#19

[quote="dzheremi, post:9, topic:293137"]
The quote in the OP seems reasonable to me, so I will answer "yes" to the OP's question, though I don't have much more to add, since I'm not in the RC anymore.

I have a question related to this, though: Why do Latin Catholics not keep the daily hours in private practice? I know they do publicly/in corporate, because I attended the occasional reading of the daily office in the last RC church I was active in, but I'm not sure how popular the practice is as a private/home devotion. The recovery/popularization of the Hours seems to me to be a very good way to keep a worship-centered life in focus outside of the liturgy. It is something the Coptic Orthodox live by, anyway, and is especially important for us in the "Coptic communities" of the USA (those communities that are still working to establish a proper church at their location), as we only get to celebrate liturgy twice a month at best. But, to the best of my knowledge (read: without prying into the lives of every person in my church), all Copts keep at least the morning and evening hours daily, and more if possible (this is why you can sometimes see Copts carrying the Agpeya with them throughout their day). Is there a reason why Catholics couldn't/don't do that?

[/quote]

As another pointed out, it wasn't until just about 100 years ago that the Magisterium of the Catholic Church started encouraging lay people to begin celebrating the Liturgy of the Hours. Prior to that it was seen as being the sole territory of clergy and religious. The reforms of the LotH after Vatican II were, in part, intended to make it more widely available to the laity. Today it is not uncommon to see Catholics here in the U.S. carrying around the books "Christian Prayer" or "Shorter Christian Prayer," both of which are abbreviated versions of the LotH - the first volume containing everything one needs to pray Morning and Evening prayer as well as some of the "Lesser Hours," the second containing just the complete Morning and Evening prayer services and their propers.

I grew up praying the LotH off and on for many years, and my devotion to it became stronger and stronger right up until the time that I became Byzantine (Melkite) Catholic. Honestly the biggest thing I miss about being Roman Catholic is having the "option" of praying the LotH either publicly as a group, or privately when no group was available. In the Byzantine tradition it is not really possible to celebrate the LotH privately.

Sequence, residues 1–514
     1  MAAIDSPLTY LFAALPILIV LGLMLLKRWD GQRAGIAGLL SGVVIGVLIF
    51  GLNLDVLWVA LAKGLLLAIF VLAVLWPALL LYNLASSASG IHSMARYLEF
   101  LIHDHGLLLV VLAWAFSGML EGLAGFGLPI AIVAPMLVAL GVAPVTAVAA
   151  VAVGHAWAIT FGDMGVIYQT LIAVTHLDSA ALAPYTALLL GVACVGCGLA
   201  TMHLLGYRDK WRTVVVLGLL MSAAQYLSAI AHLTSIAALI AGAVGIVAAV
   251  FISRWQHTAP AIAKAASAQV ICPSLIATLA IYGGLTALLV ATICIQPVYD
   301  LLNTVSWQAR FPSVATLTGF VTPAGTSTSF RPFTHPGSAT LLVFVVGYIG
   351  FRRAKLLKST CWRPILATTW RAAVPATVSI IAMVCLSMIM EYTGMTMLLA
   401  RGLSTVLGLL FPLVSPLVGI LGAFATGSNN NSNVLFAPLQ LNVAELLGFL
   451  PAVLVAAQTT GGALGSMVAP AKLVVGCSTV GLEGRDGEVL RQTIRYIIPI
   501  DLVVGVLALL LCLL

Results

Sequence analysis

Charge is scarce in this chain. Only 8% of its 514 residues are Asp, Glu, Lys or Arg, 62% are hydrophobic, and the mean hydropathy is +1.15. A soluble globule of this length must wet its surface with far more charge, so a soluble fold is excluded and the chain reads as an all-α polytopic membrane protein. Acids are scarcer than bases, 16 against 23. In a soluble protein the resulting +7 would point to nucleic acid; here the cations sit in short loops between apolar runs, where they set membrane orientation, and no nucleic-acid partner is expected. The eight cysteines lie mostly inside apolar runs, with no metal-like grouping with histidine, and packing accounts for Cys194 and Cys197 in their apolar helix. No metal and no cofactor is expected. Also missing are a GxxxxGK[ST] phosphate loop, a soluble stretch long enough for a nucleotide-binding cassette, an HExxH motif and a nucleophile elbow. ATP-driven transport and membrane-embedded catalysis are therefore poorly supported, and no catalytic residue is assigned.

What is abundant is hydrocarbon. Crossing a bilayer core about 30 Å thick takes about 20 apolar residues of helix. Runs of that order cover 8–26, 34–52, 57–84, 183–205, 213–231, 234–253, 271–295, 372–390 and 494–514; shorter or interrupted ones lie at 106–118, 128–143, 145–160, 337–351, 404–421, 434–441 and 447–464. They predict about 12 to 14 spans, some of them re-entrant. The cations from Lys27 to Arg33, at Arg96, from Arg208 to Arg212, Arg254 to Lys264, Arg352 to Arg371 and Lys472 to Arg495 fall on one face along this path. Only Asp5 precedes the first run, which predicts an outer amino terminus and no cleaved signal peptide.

#20

[quote="superamazingman, post:18, topic:293137"]
To make this worse, the liturgical reforms following the council rolled most of the sacraments and other rites into the Mass, so that they are usually, if not often celebrated within the Mass (For example, baptism, confirmation, anointing of the sick, etc...). This seems to have made this effect even worse.

[/quote]

You raise another interesting point, although I had never heard of some of these sacraments being administered as part of the Mass, specifically annointing of the sick.

At least in the Byzantine-Ruthenian Church, it has become common to have the Rites of Christian Initiation (Baptism, Chrismation/Confirmation and Holy Eucharist, all conferred at once) as part of the celebration of the Sunday Divine Liturgy. Because Holy Eucharist is given, there are some obvious and practical pastoral advantages. However, the real rationale was to have the community of faithful witness the reception into the Church, as per ancient custom. Emphasized as such, it has actually become a well received practice. It is also a great way to catechize our youngsters, who then can see what was done for them when they were received in the Church in this way.

Looking at it from the Latin Catholic perspective, it would make some sense to connect Confirmation with the Mass, as this too is a formal reception into the Church in Latin tradition, as the [voluntarily accepted] completion of Baptism.

Again in some of the Eastern Churches, we have begun to move away from Divine Liturgies with funeral rites and marriage, only the latter (the Mystery of Crowning as it is known) being sacramental. This also has the practical advantage of avoiding issues with reception of Communion by guests other than practicing, properly disposed Catholics. It is of course more compliant with tradition, as well.